Blue Mountains News
Enjoy a Visit to Sculpture at Scenic World
Blind – Andrew Townsend & Suzie Bleach (NSW)
Made from steel, lead and salvaged objects
Few animals have formed such a fundamental partnership with humans as the horse.
Blind has a reference point with the shale and coal mining activity that occurred at the Scenic World site during the nineteenth and early twentieth centuries.
Blind – Andrew Townsend & Suzie Bleach. Image Ⓒ Fresh Air Daily
Imagining the Past Before it Happens - Jan Cleveringa (NSW)
Made from 5000 discarded fluorescent light globes, sensors, LEDs, sound/speaker and tape
Imagining the Past Before it Happens is an ironic art installation about sustainability, waste and prophetic hindsight regarding the culture of business. Five-thousand functional but discarded fluorescent light globes are re-imagined and lit up by the artist with LED lighting that is replacing them. Listen out for the sound of breaking globes as visitors trigger sensors.
Imagining the Past Before it Happens - Jan Cleveringa. Image Ⓒ Fresh Air Daily
Calling Upon the Owl – Nick Warfield (NSW)
Made from aluminium RHS framework and salvaged plastic automobile bumper bars
The Wilderness in an Owl’s eye It speaks an ancient wisdom “I’ve got my eye on you” it says whilst also saying (but what is your place here in this forest?)”
Calling upon the Owl – Nick Warfield. Image Ⓒ Fresh Air Daily
Up - Kayo Yokoyama (Blue Mountains)
Made from glass blown balloons – including two popped balloons.
Kayo wanted to bring some colour and joy to the exhibition and make each visitor smile.
Up - Kayo Yokoyama. Image Ⓒ Fresh Air Daily
Mega Pixel Power Plant – Tom De Munk-Kerkmeer (WA)
Made from aluminium, wood, plastic and string.
“The Mega Pixel Power Plant is an extremely hard plant species. It has a mass of bright shiny spikes radiating from a black core and bears cube shaped brightly coloured fruits.”
Mega Pixel Power Plant – Tom De Munk-Kerkmeer. Image Ⓒ Fresh Air Daily
Chimneys – Deborah Redwood (NSW)
Steel frame clad with woven projector film.
A series of chimneys representing outdated coal energy production.
Chimneys – Deborah Redwood. Image Ⓒ Fresh Air Daily
Stack – Clara Hali (Blue Mountains)
Made from bronze and corten steel.
Stack is the amalgamation of landscape and yoga into a figurative form. The Blue Mountains geology symbolizes the duality of fragility and strength in humans, while yoga represents the struggle to find balance.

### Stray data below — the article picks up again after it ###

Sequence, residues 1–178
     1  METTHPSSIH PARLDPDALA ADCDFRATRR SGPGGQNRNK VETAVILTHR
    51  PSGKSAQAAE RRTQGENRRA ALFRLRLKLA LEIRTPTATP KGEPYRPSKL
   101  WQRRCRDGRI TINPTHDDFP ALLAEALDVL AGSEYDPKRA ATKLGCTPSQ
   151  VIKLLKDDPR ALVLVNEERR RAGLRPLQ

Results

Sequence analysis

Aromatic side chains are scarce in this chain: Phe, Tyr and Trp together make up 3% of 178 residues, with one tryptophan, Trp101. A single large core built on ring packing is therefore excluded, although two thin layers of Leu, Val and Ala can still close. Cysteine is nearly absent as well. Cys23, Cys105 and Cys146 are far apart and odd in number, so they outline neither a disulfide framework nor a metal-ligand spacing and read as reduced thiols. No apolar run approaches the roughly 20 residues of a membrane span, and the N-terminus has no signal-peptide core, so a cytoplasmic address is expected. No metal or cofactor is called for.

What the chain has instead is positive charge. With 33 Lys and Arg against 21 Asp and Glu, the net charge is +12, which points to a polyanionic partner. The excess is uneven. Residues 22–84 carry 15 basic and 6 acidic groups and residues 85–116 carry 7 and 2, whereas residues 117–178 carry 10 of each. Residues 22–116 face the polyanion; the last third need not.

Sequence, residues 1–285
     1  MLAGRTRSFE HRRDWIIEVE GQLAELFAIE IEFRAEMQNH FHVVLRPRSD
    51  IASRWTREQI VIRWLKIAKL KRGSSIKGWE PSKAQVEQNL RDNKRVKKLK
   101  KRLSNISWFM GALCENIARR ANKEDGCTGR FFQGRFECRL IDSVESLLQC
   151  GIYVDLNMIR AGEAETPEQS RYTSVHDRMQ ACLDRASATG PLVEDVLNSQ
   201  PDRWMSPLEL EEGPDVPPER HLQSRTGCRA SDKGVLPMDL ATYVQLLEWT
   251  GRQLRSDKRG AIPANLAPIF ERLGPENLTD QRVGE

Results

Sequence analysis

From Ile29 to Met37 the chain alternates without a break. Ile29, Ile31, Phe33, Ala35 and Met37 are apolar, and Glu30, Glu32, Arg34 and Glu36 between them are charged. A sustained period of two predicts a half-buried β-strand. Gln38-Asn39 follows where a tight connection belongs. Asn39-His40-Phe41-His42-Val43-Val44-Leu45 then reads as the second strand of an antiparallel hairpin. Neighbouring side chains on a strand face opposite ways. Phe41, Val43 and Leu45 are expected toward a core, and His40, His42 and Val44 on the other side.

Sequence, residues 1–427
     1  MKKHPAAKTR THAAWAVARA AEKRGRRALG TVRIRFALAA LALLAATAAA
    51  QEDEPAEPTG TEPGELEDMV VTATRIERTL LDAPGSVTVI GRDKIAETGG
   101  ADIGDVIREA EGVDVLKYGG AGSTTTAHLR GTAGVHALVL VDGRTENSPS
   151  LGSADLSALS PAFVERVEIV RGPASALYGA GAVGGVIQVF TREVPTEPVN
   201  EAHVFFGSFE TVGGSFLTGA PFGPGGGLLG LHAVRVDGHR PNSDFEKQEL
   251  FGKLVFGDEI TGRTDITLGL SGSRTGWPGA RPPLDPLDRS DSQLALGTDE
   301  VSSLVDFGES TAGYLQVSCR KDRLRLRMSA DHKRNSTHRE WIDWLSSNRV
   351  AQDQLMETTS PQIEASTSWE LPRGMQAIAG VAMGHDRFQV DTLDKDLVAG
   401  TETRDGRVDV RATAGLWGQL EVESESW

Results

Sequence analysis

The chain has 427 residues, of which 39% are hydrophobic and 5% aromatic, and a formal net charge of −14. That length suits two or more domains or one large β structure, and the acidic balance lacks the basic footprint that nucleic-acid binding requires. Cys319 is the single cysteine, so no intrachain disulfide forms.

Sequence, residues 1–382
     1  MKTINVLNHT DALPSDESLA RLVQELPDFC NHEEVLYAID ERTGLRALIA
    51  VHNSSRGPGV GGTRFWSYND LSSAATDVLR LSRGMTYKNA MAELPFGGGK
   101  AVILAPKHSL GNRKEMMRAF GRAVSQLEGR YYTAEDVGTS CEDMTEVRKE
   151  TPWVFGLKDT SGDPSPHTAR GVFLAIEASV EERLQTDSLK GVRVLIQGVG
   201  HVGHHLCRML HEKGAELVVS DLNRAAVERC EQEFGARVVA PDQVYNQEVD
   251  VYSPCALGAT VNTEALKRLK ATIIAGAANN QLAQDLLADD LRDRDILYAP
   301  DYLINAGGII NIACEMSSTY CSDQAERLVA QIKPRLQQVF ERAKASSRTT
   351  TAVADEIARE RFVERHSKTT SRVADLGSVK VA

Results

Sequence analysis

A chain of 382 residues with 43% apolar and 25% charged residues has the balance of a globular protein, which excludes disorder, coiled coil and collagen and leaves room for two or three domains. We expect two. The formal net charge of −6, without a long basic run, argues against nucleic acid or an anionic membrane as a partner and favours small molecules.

Stack – Clara Hali. Image Ⓒ Fresh Air Daily
Grounded – Charlie Trivers (NSW)
Made from carved recycled Australian wood.
Grounded is about returning timber offcuts and placing them as sculptural pieces in the eucalypt forests similar to where they came from.
Grounded – Charlie Trivers. Image Ⓒ Fresh Air Daily
Shaft – Jane Gillings (NSW)
Made from discarded clear plastic objects.
“A shaft of light. A mine shaft. So much of our light comes from the darkness of coal. A paradox we need to address.”
Shaft – Jane Gillings. Image Ⓒ Fresh Air Daily
Quaver – Mitchell Thomas & Bronwen Williams (NSW)
Fibreglass sheets with stone veneer placed in 3 locations around the boardwalk. Sit and listen to the sounds as they reverberate around you. The three sheets feature a flat panel speaker making the entire surface a speaker.
Quaver – Mitchell Thomas & Bronwen Williams. Image Ⓒ Fresh Air Daily
Anastasis – Caitlin Hughes (Blue Mountains)
Made from smalti, oro and porcelain mosaic over fibreglass, wire and cement substrate.
Anastasis reminds us of the resilience and capacity of the bush and local community to regenerate and to flourish after the adversity of bushfire.
Anastasis – Caitlin Hughes. Image Ⓒ Fresh Air Daily
Lost Fossil – Oliver Ashworth-Martin (Victoria)
Made from Queen Palm seed cases.
Lost Fossil speaks of a time long gone, to those other-worldly forms of ancient flora & fauna. Has this organic structure been permanently fossilised, or is it about to open up and reveal new secrets to the forest?
Lost Fossil – Oliver Ashworth-Martin. Image Ⓒ Fresh Air Daily
The Drowned World – Jacek Wankowski (NSW)
Made from single-layer fibreglass and resin, paint, rope and life-jackets.
The Drowned World is a commentary on global warming and the resulting changes in sea level and climate.
The Drowned World – Jacek Wankowski. Image Ⓒ Fresh Air Daily
Duty Free (Koala) – Linelle Stepto (NSW)
The series Duty Free asks us to consider the relationship between the human and a mediated, sanitised nature we can see but need never touch, a regularised, commodified and consumable experience.
Duty Free (Koala) – Linelle Stepto. Image Ⓒ Fresh Air Daily
Shards of Existence – Douglas Blake (Blue Mountains)
Materials include bones, banksia, timber, metal, cups, plates etc.
A shard representative of the transient nature of existing upon a site and the entropy of existence forming multifaceted interoperable multicultural layers that remain long after the spirits that carried the materials to the site have departed.
Shards of Existence – Douglas Blake. Image Ⓒ Fresh Air Daily
What lies beneath – Nicole de Mestre (NSW)
Made from recycled fan guards and cable ties.
The oldest rocks in the Blue Mountains are formed from skeletons of single-celled algae deposited on ancient seabeds millions of years ago. Microscopic images of their exoskeletons resemble fan guards.
What lies beneath – Nicole de Mestre. Image Ⓒ Fresh Air Daily
Choking Hazard – Rochelle Quantock (Victoria)
Made of plastic blocks.
Exploring issues around sustainability and landfill, Choking Hazard represents the millions of tons of plastic that are carelessly discarded every year and the devastating impact this has on the environment.
Choking Hazard – Rochelle Quantock. Image Ⓒ Fresh Air Daily
Sculpture at Scenic World is open from 13 April – 13 May 2018.
This article archived 18 Jun 2018
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